Diversity, Education, Free Speech, Must Reads

Demoted and Placed on Probation

It all started in June 2018, when Quillette published my article, “Why Women Don’t Code,” and things picked up steam when Jordan Peterson shared a link to the article on his Twitter account. A burst of outrage and press coverage followed which I discussed in a follow-up piece. The original article was one of the ten most read pieces published by Quillette in 2018, and continues to generate interest. A recent YouTube video about it has been viewed over 120,000 times, as of this writing:

In his tweet promoting my article, Peterson took issue with one of my claims. I had written that I thought I could survive at the Paul G. Allen School of Computer Science and Engineering where I work. Peterson disagreed:

As it turns out, Peterson was right. My position is not tenured and when my current three-year appointment came up for review in December, I was stripped of my primary teaching duties and given a highly unusual one-year probationary appointment. The administration insists this decision had nothing to do with the controversy generated by my article. But as I will explain, that seems highly unlikely. As one faculty colleague put it, an “angry mob” has been after me ever since my article came out.

The Intro Classes

In 2005, the University of Washington hired me to redesign their two introductory computer science classes. I developed two highly successful courses that have over 4,500 enrollments combined per year and are among the most highly rated 100-level courses at the University of Washington. In a recent internal survey, over 80 percent of the students agreed that the assignments increased their interest in computing and showed them how useful such knowledge can be. Teaching at this scale is a massive undertaking and for the last 15 years I have been responsible for overall management of the staff, instructors, and TAs who provide this service.

In response to my Quillette article, a group of graduate students in the Allen School filed a grievance against me with their union. The university agreed to several of their demands, including that, “A group of (mostly senior) faculty will review the introductory programming courses to ensure that they are inclusive of students from all backgrounds.” A working group was formed and it produced a set of recommendations. These included:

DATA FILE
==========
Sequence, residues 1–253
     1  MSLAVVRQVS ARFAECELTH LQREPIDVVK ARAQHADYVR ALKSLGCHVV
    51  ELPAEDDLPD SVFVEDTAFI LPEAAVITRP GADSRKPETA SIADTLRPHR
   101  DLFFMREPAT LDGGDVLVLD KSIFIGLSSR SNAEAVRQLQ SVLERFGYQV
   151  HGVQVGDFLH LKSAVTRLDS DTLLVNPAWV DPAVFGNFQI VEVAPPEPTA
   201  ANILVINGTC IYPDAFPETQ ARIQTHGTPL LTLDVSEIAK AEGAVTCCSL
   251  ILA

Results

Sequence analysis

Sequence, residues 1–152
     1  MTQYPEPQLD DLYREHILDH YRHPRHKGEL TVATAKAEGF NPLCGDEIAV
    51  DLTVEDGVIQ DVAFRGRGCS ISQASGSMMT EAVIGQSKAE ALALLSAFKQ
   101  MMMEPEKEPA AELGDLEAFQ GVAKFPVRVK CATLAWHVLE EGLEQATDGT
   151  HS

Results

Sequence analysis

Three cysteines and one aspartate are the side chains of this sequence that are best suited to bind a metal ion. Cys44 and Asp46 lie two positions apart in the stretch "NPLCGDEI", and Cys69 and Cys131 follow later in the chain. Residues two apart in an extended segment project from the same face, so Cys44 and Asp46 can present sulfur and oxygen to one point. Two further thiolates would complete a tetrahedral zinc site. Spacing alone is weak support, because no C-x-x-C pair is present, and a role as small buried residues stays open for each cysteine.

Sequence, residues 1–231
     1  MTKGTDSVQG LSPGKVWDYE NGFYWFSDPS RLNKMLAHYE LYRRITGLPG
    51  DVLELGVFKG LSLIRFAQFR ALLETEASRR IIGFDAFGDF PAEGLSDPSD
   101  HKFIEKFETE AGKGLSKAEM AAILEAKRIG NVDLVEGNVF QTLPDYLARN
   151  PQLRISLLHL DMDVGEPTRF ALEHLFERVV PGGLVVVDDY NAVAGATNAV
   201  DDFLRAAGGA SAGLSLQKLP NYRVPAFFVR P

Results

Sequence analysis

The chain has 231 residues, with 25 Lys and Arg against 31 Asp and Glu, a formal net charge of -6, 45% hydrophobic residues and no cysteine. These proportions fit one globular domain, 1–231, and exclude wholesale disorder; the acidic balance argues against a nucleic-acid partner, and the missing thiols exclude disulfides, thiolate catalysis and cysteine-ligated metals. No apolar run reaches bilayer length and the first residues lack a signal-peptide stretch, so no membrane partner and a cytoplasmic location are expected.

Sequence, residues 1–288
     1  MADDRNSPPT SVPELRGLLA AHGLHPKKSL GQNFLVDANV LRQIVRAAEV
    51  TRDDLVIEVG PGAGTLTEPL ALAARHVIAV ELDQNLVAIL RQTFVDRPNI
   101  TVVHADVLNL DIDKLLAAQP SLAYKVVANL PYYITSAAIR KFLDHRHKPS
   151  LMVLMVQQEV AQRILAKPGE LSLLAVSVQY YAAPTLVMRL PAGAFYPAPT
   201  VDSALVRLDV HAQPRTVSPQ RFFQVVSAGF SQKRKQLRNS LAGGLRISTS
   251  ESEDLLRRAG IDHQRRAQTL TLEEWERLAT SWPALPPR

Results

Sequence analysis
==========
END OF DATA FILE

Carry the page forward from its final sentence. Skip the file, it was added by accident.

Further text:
• A relaxation of grading on coding style.
  • Allowing students to work together in a group for part of their grade instead of requiring them to complete all graded work individually.
  • Training for TAs in inclusion and implicit bias.
  • Review of all course materials for inclusiveness. For instance, of a lecture that involves calculating body mass index (BMI) using guidelines from the National Institutes of Health, the report noted that it “seems insensitive to present students with a program that would print out that some of them are ‘obese’ while others are ‘normal.’”
  • A reduction in the amount of effort expended pursuing cheating cases by 50 percent even though there has been no reduction in cheating cases.

The report also recommends that courses incorporate inclusiveness best practices as outlined in an Allen School document. These include:

  • The addition of an indigenous land acknowledgement to the syllabus.
  • The use of gender-neutral names like Alex and Jun instead of Alice and Bob.
  • The use of names that reflect a variety of cultural backgrounds: Xin, Sergey, Naveena, Tuan, Esteban, Sasha.
  • An avoidance of references that depend on cultural knowledge of sports, pop culture, theater, literature, or games.
  • The replacement of phrases like “you guys” with “folks” or “y’all.”
  • A declaration of instructors’ pronouns and a request for students’ pronoun preferences.